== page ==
A pomander is a case for holding aromatic spices, herbs or substances from the animal world. People believed that having these substances close to the body would ward off evil, illness or even death.
Pomanders originated in the East and were first recorded in Europe in the 13th century. They were worn during the Black Death and other outbreaks of the plague as a protective jewel.
Western Europe, 1600-50
Silver and mastic
Given by Miss Mabel M. Boore
V&A: M.105:1 to 8-1939
Another style of pomander was made of open metalwork. This design allowed the aroma of the substance kept at the centre to escape freely through intricate perforations.
This elegant pomander, elaborately decorated with enamel and pearls, would have been worn suspended from a long chain or girdle.
Central Europe, 1620-40
Gold with enamel and pearls
Case 1. 298-1854
Pomander; Central Europe, 1620-40; Gold, enamel, pearls; Museum no. 298-1854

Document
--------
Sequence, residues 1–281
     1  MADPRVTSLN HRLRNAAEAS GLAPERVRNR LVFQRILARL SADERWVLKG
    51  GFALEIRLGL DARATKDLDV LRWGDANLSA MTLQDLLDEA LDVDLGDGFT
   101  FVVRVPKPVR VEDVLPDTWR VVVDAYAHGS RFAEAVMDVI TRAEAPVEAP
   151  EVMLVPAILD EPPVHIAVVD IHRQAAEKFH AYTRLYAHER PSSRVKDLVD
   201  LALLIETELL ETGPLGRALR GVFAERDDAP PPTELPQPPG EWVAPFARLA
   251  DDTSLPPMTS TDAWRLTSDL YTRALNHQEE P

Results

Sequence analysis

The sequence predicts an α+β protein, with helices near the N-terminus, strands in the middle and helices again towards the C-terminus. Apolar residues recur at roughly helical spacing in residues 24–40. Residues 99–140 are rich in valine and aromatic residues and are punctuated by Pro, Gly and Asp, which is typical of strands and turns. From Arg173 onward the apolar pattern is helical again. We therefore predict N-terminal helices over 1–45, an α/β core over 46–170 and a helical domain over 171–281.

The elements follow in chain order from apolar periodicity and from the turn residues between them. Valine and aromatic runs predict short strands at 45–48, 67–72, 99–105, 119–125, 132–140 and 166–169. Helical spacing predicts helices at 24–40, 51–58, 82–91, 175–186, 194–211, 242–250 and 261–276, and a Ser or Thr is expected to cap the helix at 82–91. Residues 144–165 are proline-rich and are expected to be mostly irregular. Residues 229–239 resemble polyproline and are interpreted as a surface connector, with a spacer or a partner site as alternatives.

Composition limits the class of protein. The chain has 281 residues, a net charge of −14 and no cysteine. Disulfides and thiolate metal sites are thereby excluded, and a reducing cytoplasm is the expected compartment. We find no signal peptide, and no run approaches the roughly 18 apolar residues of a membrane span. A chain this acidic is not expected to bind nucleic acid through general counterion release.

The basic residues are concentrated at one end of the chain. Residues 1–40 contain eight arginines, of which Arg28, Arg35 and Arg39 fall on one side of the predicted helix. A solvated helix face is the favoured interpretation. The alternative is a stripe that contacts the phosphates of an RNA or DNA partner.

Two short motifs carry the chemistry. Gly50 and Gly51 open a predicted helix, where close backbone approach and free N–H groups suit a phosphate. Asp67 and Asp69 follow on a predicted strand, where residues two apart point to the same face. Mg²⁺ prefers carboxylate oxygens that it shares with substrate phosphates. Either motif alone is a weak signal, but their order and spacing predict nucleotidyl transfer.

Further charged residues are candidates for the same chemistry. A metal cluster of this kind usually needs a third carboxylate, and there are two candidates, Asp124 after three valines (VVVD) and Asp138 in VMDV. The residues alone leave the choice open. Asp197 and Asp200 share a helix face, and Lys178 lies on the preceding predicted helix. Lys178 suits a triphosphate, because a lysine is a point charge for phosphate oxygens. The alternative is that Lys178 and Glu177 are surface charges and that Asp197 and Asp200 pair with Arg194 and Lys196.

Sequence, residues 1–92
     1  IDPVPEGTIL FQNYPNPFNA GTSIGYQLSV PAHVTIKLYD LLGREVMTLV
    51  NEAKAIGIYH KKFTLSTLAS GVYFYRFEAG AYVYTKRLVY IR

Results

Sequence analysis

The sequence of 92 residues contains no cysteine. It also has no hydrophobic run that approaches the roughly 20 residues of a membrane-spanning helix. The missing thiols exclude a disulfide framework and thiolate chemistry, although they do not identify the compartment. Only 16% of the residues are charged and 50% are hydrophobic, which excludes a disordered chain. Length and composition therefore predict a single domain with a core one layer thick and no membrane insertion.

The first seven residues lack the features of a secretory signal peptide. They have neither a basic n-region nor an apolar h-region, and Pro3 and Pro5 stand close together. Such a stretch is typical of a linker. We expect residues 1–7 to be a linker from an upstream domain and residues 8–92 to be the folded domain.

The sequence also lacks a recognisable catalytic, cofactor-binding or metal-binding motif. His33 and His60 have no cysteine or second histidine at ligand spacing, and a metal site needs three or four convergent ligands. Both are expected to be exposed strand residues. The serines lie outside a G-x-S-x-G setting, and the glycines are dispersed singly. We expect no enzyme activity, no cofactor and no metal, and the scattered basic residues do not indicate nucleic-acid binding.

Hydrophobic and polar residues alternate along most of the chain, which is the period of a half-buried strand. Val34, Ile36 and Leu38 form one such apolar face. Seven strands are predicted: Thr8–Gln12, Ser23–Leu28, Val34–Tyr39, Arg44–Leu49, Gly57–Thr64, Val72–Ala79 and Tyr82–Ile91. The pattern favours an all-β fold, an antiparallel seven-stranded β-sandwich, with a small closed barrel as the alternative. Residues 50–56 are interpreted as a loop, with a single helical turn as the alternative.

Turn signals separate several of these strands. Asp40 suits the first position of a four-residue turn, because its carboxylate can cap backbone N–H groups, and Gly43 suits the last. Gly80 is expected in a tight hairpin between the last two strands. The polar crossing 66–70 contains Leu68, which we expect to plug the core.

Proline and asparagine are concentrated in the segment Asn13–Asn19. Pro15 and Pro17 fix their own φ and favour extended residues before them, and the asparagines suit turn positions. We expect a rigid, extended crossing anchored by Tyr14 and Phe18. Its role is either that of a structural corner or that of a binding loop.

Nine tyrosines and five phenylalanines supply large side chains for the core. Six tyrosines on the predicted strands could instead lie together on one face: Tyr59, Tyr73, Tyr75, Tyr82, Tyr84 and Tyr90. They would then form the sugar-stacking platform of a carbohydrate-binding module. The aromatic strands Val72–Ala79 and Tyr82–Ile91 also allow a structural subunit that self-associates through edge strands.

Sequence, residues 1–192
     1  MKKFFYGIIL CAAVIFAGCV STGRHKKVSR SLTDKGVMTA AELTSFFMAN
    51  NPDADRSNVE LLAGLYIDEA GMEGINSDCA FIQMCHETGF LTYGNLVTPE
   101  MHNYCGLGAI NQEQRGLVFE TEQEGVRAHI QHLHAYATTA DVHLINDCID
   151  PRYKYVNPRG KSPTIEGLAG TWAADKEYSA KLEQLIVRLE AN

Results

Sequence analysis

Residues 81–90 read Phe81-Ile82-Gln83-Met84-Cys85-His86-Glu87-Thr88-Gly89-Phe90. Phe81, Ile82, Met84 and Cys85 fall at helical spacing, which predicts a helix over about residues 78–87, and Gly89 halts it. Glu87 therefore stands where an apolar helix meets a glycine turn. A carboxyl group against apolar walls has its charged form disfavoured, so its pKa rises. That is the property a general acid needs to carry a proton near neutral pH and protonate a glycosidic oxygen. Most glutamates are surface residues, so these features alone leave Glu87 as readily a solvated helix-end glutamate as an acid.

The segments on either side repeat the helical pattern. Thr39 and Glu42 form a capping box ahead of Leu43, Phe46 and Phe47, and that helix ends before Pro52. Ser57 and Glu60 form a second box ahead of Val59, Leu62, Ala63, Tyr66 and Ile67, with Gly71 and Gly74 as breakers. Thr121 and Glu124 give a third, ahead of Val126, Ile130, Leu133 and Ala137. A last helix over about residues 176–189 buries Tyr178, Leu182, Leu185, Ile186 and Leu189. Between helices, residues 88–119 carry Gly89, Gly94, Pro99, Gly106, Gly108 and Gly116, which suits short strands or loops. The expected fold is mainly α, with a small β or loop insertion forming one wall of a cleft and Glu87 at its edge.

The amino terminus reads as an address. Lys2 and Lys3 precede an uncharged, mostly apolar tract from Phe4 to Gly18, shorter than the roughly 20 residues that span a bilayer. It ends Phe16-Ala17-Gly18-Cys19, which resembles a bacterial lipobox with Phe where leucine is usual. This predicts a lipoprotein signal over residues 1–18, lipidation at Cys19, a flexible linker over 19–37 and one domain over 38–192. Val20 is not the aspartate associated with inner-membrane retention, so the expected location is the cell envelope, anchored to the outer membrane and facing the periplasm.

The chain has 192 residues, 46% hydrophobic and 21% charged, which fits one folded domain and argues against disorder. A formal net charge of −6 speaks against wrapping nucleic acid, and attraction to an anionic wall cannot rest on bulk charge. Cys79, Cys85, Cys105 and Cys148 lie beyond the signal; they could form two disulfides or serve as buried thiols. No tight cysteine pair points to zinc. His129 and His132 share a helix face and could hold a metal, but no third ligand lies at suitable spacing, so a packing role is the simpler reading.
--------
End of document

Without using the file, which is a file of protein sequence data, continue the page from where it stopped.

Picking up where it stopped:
Pomanders were made in a variety of forms. This small one is shaped like a skull, reminding the wearer to prepare for death by living a virtuous life. When the pomander is opened, four compartments are revealed, each with a letter to indicate its contents.
Partially gilded silver
Croft Lyons Bequest
Case 11. V&A: M.804:1, 2-1926
Touch the skull to explore
Cinnamon sticks, cloves and rose petals would have been the basic components for the substances contained in the skull. They were often crushed and rolled into balls before being placed in the container.
Like other medicinal and health-giving substances - gums, resins, herbs and fragrances - they would have been sold in apothecary shops.
This portrait shows a woman wearing a pomander suspended from a girdle around her waist.
Pomanders were often worn hung from girdles or attached to a rosary. They were then ready to be held in the hand or up to the nose to counteract bad odours or protect against infections.